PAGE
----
Housing a big topic at Ward 3 meeting
The accomplishments and challenges of Windsor’s city centre were on display at Windsor Public Library Tuesday night.
A large crowd filled the lobby area of the central library to take part in the city’s annual Ward 3 meeting, hosted by Ward 3 Councillor Rino Bortolin. He was joined by representatives of the Windsor Police Service, the Windsor-Essex County Health Unit, and representatives from a host of city departments. Members of city administration were on hand to answer one-on-one questions about services crucial to Ward 3. Mayor Drew Dilkens attended the meeting but did not speak.
For the last several years, Ward 3, which includes downtown, has been the focus of the city’s bigger problems, such as crime, homelessness and opioid addiction. However, Bortolin also pointed out the inroads the city has made to the ward as far as parks, development and crime prevention are concerned. For example, the city’s Community Improvement Plan (CIP) helped bring housing units to the ward that otherwise would not be there, said Bortolin.
“When we worked on a downtown planning study that developed our Community Improvement Plan, that CIP has already passed over 338 units, worth over $107 million,” said Bortolin, adding that the bulk of that housing influx comes from a major development being built now at Wyandotte Street West and Crawford Avenue.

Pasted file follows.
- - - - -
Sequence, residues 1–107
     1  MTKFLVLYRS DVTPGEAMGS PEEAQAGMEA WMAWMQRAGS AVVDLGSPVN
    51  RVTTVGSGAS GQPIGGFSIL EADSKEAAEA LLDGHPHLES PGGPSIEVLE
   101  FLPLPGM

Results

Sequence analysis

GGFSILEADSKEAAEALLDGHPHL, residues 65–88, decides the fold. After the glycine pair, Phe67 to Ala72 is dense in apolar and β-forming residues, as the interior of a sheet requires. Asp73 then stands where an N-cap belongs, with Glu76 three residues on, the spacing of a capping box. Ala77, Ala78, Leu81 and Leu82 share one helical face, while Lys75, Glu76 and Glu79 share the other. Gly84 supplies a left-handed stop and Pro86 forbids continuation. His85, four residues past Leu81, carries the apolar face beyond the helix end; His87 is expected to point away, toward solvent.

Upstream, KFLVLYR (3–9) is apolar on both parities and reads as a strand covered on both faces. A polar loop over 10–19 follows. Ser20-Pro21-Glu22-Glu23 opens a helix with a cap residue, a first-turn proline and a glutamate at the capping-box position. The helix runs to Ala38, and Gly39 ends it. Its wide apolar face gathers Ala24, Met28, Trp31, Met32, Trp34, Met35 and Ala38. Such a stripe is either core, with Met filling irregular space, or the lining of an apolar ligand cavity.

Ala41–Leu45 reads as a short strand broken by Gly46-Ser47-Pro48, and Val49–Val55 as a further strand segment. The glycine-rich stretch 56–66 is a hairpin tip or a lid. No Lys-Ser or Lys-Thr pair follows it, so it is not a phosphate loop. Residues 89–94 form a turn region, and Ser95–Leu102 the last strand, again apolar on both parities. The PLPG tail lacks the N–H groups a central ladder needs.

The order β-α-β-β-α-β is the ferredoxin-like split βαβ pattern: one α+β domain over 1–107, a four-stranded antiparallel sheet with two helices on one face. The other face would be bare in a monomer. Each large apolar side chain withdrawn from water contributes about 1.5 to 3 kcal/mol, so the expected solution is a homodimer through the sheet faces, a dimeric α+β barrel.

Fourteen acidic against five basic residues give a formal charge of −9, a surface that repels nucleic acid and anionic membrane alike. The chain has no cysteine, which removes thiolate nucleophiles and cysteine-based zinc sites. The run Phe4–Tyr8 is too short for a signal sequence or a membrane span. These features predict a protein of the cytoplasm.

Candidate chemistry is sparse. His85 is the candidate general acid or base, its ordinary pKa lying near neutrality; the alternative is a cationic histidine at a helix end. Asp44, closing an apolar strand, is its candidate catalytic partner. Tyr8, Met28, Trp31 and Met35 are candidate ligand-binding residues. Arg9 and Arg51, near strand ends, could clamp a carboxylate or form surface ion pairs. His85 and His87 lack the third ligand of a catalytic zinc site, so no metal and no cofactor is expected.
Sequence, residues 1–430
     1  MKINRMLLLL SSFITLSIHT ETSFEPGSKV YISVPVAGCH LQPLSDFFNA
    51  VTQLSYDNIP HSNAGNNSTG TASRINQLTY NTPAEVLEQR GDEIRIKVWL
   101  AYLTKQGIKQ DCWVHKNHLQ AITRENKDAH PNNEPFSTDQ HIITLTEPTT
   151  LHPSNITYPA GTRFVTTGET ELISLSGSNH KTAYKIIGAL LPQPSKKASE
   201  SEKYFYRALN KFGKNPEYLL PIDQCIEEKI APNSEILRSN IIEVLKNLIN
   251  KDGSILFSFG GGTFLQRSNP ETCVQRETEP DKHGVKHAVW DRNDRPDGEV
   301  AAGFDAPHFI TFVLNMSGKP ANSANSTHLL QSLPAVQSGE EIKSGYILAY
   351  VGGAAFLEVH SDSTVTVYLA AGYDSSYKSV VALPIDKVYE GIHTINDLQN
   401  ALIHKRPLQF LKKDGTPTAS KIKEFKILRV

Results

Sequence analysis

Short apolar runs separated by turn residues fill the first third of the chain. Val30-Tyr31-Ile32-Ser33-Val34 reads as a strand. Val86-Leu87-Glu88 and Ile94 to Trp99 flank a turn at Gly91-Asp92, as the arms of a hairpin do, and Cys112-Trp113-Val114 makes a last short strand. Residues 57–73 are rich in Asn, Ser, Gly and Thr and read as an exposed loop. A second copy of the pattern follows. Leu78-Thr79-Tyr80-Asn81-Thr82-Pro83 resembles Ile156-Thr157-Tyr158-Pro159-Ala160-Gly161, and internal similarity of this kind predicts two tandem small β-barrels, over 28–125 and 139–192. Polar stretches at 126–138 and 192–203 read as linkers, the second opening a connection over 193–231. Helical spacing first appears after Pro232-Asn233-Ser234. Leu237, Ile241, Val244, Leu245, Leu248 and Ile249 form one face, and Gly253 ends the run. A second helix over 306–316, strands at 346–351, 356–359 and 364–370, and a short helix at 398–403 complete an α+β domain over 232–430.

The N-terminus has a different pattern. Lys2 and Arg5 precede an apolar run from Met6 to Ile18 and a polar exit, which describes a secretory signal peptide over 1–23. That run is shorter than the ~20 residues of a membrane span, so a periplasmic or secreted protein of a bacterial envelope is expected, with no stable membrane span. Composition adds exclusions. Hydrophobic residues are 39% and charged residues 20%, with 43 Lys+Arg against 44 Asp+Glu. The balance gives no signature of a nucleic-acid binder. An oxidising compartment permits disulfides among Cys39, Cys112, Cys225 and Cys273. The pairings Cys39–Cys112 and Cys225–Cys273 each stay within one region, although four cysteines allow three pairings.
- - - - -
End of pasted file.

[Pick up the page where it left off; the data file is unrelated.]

The downside to that is the increasing demand for affordable housing, said Bortolin, pointing out that the city of Windsor went from having one of the largest vacancy rates in Ontario a few years ago, to practically no vacancy today. Increased demand for university students and higher rents due to bigger demand for housing are also factors.
The new Meadowbrook development, the first major investment in affordable housing in Windsor in three decades, is a positive step but the councillor said it doesn’t scratch the surface.
“We’re not even keeping up with the new demand,” said Bortolin. “A hundred and forty-five units, and that’s over 30 years, shows you when there’s 5,000 people on the waiting list, how tight and how much pressure we have on the problem.”
A variety of other issues were brought up by guest speakers like Windsor Police Inspector Jason Bellaire, who discussed how the city is handling downtown crime through the hiring of 24 new officers and the creation of the Problem-Oriented Patrol (POP) unit to patrol downtown on busier evenings. When it came time for questions from the audience, topics were brought up ranging from the future of the Grace Hospital site to vacant downtown buildings.
Bortolin said the city was looking at expressions of interest for the Grace Hospital site, one of which belongs to Hotel-Dieu Grace Healthcare, an occupant of that parcel from 1920 to 2004. HDGH announced a plan last month to create new housing for the area, with an emphasis on health services.
Two ward meetings are scheduled for this week in the city of Windsor. The Ward 8 meeting, hosted by first-term Councillor Gary Kaschak, is Wednesday night at 6:30 p.m. at the Seventh Day Adventist Church on Haig Avenue. Another first-term councillor, Ward 2’s Fabio Costante, will have his turn Thursday night at the Church of the Ascension on University Avenue West. Everyone is welcome to all meetings.